Simpler Machine Learning Using Spreadsheets: Neural Network Predict


  • Leong Thin-Yin Singapore University of Social Sciences (SUSS)
  • Leong Yonghui Jonathan



machine learning, neural network, business analytics, spreadsheets, education, higher education, experiential learning1.


Machine Learning as a phenomenon has gone viral, with many technologists and software vendors promoting it. However, offered tools remain highly technical and not accessible to those without rigorous training in Computer Science or Business Analytics. It would be more useful if end-users can understand it beyond the sales pitch or blind application, and perhaps, even work from scratch to build simple models without much additional training. With better assimilation and acceptance of this AI methodology as an acquired skill and not just head knowledge, many more may want to invest the intensive effort to learn the required tough mathematics and cryptic programming. Or, after simple trial explorations, be willing to put aside substantial budgets to employ skilled professionals for full-scale business application. With simplicity and accessibility in mind, this paper renders Neural Network, a key machine learning methodology, on the ubiquitous and easily comprehensible spreadsheet without macros or add-ins, employing only elementary operations and if so desired, optionally leveraging on its built-in Solver. We will show that backpropagation can be achieved using the elegant though obscure recursive computation feature, with no need for Solver. We will demonstrate the application of neural network on a familiar problem: early and prior prediction of students’ graduation GPA. The paper can be used to form the core content for introducing machine learning to non-technical audiences, particularly those majoring in Business and the Social Sciences.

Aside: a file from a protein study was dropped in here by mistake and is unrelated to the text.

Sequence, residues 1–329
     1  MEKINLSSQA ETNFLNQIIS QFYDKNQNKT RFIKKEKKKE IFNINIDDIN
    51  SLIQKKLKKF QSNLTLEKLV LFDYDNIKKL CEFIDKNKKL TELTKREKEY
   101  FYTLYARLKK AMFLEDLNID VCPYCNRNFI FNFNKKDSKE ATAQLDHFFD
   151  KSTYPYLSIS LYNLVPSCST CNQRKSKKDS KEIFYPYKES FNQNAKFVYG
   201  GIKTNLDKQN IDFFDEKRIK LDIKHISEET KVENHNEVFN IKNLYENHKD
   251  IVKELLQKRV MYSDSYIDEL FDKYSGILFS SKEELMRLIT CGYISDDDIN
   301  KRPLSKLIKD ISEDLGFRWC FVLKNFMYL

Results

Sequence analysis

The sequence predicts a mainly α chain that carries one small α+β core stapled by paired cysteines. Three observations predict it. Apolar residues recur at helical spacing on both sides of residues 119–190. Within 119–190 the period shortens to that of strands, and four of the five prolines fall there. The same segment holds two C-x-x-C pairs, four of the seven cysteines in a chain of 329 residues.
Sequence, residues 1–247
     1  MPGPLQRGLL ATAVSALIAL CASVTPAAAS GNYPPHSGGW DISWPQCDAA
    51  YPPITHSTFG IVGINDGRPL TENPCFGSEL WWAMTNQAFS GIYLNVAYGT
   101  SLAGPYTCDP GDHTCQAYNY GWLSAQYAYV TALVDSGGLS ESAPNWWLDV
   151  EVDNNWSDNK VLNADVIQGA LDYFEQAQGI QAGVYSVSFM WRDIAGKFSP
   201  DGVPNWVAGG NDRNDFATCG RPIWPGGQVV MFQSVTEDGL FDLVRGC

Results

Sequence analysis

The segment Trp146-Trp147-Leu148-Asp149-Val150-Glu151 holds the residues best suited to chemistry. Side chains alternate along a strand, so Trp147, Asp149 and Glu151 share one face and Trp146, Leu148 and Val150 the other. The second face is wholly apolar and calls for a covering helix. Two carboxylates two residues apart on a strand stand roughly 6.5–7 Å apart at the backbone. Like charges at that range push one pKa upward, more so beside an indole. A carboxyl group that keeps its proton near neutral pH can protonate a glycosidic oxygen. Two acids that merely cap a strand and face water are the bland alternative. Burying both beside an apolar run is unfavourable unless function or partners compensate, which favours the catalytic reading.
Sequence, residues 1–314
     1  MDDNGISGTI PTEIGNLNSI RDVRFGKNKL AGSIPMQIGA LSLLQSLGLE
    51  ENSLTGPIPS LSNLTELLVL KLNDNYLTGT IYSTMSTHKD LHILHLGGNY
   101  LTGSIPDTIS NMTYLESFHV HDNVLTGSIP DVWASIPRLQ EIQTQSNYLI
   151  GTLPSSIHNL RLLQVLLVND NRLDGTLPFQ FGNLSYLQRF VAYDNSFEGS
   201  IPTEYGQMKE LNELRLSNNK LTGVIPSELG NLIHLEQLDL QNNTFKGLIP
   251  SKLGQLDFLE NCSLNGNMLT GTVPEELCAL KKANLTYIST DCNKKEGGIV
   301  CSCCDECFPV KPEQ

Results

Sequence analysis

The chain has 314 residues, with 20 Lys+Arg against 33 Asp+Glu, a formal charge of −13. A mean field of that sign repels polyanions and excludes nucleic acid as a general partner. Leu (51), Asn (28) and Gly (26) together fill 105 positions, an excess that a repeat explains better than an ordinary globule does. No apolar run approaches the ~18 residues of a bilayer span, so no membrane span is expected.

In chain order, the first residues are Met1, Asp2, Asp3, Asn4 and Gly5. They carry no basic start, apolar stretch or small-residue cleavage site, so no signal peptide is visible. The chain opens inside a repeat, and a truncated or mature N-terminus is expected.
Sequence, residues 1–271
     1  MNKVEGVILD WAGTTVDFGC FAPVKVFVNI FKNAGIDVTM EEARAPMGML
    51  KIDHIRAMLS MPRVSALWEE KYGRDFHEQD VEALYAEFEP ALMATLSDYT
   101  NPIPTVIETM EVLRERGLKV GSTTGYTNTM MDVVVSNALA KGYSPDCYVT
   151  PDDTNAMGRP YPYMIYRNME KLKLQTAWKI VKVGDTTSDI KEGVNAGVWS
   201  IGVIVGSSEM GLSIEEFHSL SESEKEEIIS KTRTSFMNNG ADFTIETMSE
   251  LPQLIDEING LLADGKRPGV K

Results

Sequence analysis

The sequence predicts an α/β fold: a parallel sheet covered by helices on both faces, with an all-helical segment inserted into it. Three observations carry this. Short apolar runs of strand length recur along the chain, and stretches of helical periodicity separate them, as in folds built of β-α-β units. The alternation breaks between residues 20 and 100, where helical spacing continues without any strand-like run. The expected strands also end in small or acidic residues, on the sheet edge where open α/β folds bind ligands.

How to Cite

Thin-Yin, L., & Leong Yonghui Jonathan. (2020). Simpler Machine Learning Using Spreadsheets: Neural Network Predict. European Journal of Formal Sciences and Engineering, 3(2), 43–64.